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Testing Teacher Candidates: The Role of Licensure Tests in Improving Teacher Quality
als who have completed the subject matter requirement or student teaching and/ or a credential program are not eligible for this program.
There are currently 58 approved preintern programs, funded with state grants. These programs serve approximately 300 California school districts. In the San Francisco Unified School District, the preintern program provides up to two years of support for teachers with emergency licensure. Teachers with preintern certificates attend MSAT preparation workshops along with workshops on classroom management and instructional strategies. Teachers with preintern certificates also receive classroom support and coaching from a mentor teacher.
Title II State Grant
California is planning to reform its licensure and certification requirements and has been awarded a Title II grant from the U.S. Department of Education to support this endeavor. The grant funding is being used to develop and implement standards-based teaching performance assessments for teaching credential candidates, to reduce the number of teachers working with emergency permits by expanding alternative preparation programs, to reduce teacher shortages in math by funding the preparation of math teachers, and to assist colleges and universities to align teacher preparation standards with standards for student performance.
MARYLAND’S LICENSURE SYSTEM
Over the past decade the state of Maryland has implemented an innovative and challenging educational reform program—the Maryland School Performance Program. The reform platform has dramatically altered the state’s student assessment program. Maryland has adopted a multifaceted assessment program that holds both schools and students accountable. The Maryland School Performance Assessment Program (MSPAP), adopted in 1990 and launched in 1991, is an assessment program whose primary goal is to provide information that can be used to improve instruction in the schools. MSPAP is administered annually to third, fifth, and eighth graders and assesses how well students solve problems cooperatively and individually, apply what they have learned to real-world problems, and relate and use knowledge from different subject areas. MSPAP results are provided at the school level in five content areas and are a high-stakes accountability tool for the state. Currently, nearly 100 of Maryland’s 1,298 schools have failed to improve their academic performance and are eligible for reconstitution by the state.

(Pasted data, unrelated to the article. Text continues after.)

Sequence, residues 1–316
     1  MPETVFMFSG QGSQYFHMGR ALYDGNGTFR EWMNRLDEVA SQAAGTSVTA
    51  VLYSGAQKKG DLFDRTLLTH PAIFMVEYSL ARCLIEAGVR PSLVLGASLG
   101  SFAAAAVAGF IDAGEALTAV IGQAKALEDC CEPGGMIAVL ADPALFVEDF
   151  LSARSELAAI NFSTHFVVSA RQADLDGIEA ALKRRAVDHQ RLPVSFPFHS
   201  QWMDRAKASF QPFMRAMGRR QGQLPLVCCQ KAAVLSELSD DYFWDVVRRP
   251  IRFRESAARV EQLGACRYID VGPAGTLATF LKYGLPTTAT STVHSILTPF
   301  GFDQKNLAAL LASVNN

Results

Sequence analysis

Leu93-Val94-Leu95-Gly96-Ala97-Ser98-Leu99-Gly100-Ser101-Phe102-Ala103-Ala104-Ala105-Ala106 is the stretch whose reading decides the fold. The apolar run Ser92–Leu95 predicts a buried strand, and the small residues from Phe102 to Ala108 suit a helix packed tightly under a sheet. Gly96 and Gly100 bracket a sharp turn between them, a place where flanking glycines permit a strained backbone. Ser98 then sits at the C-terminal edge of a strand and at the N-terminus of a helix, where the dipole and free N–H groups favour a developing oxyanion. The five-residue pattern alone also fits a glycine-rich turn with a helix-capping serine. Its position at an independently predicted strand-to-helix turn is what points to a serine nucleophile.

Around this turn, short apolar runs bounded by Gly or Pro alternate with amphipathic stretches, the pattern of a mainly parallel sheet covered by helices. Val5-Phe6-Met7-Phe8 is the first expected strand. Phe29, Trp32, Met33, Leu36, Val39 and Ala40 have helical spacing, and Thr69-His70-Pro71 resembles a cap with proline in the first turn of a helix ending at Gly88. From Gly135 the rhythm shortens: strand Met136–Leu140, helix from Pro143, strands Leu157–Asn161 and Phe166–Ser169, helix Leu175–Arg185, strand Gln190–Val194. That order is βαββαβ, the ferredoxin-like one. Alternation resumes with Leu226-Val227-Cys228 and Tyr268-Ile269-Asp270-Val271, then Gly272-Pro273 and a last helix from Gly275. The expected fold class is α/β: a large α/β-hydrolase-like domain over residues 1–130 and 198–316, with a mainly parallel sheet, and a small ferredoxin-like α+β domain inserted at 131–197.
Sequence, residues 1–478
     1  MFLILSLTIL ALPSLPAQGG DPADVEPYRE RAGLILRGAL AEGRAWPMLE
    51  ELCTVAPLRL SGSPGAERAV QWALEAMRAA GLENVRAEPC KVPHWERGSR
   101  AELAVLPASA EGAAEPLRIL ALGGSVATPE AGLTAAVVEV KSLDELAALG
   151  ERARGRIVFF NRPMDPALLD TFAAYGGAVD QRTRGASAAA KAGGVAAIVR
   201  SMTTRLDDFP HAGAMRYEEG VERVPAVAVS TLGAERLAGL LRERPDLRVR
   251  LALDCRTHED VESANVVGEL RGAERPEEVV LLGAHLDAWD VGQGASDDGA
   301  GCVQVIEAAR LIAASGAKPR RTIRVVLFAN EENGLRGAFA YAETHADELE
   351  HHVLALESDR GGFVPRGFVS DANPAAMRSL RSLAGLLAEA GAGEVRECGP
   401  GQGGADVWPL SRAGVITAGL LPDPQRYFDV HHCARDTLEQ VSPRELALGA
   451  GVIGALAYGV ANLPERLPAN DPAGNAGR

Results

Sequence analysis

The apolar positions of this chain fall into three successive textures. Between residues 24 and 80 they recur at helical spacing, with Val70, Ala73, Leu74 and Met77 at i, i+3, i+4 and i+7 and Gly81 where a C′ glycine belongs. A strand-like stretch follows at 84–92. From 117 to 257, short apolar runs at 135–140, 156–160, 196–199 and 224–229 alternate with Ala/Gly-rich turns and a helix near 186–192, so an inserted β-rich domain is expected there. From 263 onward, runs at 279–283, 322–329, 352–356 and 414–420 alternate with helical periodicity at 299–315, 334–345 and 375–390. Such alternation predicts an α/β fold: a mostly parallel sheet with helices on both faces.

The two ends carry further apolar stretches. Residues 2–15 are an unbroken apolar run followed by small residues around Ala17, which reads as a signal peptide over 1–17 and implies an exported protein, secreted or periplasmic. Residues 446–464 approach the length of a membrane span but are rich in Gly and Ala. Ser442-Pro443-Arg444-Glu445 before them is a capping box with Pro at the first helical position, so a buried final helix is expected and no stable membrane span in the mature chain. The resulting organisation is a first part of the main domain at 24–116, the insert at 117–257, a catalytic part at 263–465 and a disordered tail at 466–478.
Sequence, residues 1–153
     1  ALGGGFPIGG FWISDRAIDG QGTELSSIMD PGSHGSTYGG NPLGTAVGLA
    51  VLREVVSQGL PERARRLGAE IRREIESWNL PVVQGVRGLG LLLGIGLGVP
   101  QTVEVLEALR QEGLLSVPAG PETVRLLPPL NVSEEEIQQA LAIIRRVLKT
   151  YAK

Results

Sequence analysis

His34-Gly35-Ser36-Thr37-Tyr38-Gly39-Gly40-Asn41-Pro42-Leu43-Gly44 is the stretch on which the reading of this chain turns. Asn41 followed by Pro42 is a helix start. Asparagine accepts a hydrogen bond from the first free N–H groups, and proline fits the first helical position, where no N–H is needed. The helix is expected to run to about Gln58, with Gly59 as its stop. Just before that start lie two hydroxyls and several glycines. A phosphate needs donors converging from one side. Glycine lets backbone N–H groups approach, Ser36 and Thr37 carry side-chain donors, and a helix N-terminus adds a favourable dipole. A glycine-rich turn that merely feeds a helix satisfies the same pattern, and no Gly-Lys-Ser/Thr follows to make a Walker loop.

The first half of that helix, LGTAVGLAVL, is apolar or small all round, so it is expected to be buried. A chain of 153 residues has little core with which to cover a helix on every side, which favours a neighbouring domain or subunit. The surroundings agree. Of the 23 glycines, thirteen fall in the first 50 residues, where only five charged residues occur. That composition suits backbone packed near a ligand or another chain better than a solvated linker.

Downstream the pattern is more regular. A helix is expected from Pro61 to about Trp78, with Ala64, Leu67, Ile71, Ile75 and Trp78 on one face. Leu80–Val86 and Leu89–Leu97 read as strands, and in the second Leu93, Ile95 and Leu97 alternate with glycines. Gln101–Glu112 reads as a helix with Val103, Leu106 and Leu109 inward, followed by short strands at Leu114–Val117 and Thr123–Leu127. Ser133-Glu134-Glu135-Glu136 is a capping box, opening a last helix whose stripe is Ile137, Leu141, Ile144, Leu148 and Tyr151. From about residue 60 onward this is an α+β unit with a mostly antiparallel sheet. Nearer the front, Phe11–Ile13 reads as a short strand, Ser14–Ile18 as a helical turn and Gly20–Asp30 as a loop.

For individual students there are academic benchmarks that must be met in the third, fifth, eighth, and twelfth grades. The benchmarks are established in reading, writing, mathematics, science, and social studies. Additionally, new high-stakes standards-based tests are being phased in as a requirement for high